Kevin J. Black, M.D. (1,3-5)* (ORCiD 0000-0002-6921-9567)
Cheryl A. Richards, Ph.D. (1,2)
Departments of (1) Psychiatry, (2) Medicine, (3) Neurology, (4) Radiology, and (5) Neuroscience, Washington University School of Medicine, St. Louis, Missouri, USA
* Address correspondence to Dr. Black at Campus Box 8134, 660 S. Euclid Ave., St. Louis, Missouri, USA or kevin@WUSTL.edu.
Copyright © 2016-2017, the authors.
We present here a work in progress, summarizing research from 2016 relevant to Tourette syndrome. This working draft aims towards a preprint that we plan to submit for publication around 12/31/2016. The authors briefly summarize a few reports they consider most important or interesting, and provide links to others.
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This article is meant to disseminate scientific progress on Gilles de la Tourette Syndrome (TS) during 2016. Draft versions originally appeared on the Authorea online authoring platform.
We searched PubMed from time to time during 2016 using the search strategy “("Tic Disorders"[MeSH] OR Tourette NOT Tourette[AU]) AND 2016[PDAT] NOT 1950:2015[PDAT]”. On 06 Jan 2017 this search returned 186 citations, none of which had first appeared in 2017. Colleagues also recommended articles, and we attended selected medical conferences. We selected material for this review subjectively, guided by our judgment of possible future impact on the field.
Environmental effects on tics are typical in TS; they are included in the Diagnostic Confidence Index (Robertson 1999) and have been demonstrated under careful laboratory conditions (Woods 2009). However, typical patient and clinician understanding of TS depends largely on self-report and parental symptom report. Barnea and colleagues tested this assumption by recording video from 41 children age 6-18 with TS in each of 5 common, daily-life situations (Barnea 2016). Their findings were illuminating: First, tic frequency correlated only moderately with reports of children or parents. Tic frequency was much higher when children were watching TV and much lower when alone, compared to doing homework, receiving attention when ticcing, or talking to a stranger. Self-reported premonitory urges were stronger when patients were more aware of (video recorded) tics. These findings differ from typical reports to clinicians, and suggest that developing methods for tic monitoring outside the office may be important to improve reliability and validity in TS research.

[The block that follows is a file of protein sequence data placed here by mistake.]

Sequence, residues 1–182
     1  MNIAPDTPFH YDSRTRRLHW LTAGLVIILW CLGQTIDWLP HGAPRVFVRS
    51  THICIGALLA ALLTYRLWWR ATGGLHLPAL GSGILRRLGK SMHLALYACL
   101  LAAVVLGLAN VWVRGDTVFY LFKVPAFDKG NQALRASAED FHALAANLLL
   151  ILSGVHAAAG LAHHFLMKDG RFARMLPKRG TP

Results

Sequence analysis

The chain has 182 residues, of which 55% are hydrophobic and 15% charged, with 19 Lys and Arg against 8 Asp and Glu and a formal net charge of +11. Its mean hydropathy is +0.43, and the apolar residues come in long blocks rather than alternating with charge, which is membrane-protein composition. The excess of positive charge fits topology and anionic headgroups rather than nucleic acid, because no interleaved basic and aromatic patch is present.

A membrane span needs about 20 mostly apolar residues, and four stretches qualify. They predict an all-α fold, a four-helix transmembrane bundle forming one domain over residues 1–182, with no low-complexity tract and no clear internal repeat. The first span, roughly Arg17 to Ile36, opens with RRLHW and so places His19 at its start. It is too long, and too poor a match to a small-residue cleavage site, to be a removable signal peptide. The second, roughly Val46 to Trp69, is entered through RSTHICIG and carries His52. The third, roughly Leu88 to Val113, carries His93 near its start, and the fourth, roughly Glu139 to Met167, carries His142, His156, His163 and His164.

Premonitory urges are usually reported later in life than tics are observed. However, a large case series (N > 1000) from one clinic suggests that “premonitory urges (PU) … were found to be highly associated with ‘not just right experiences’ and to emerge much earlier than previously thought alongside with the ability to suppress tics (PU in >60% and suppressibility in >75% at age 8–10 years)” (Sambrani 2016).
These authors also felt that their data supported the idea that self-injurious behavior “belongs to the coprophenomena spectrum and hence should be conceptualized as a complex tic rather than a compulsion.”
Counterintuitively, in one experimental design, tics became less frequent during a short-term psychosocial stressor (Buse 2016).
Self-reported depressive symptoms were as common and severe in TS as in patients with major depression, though people with TS endorsed irritability more frequently (Piedad 2016).
(Brandt 2016) performed a clever experiment to investigate the timing of urges in relation to tics, compulsions and blinks. Another group examined tics and urge to tic at 10- to 15-second intervals in 12 patients with moderate to severe TS; different patients had quite different relationships between urge and tic timing when examined at this temporal scale (Brabson 2016).
|(Wylie 2016)||Motor and vocal inhibition (action stopping) in young adults with TS.|
|(Drury 2016)||"Self-reported emotion regulation in adults with Tourette's syndrome"|
|(Beste 2016)||"Altered perceptual binding in Gilles de la Tourette syndrome"|
|(Brown 2016)||Influence of Musical Engagement on Symptoms of Tourette’s Disorder|
|(Yang 2016)||"The preva|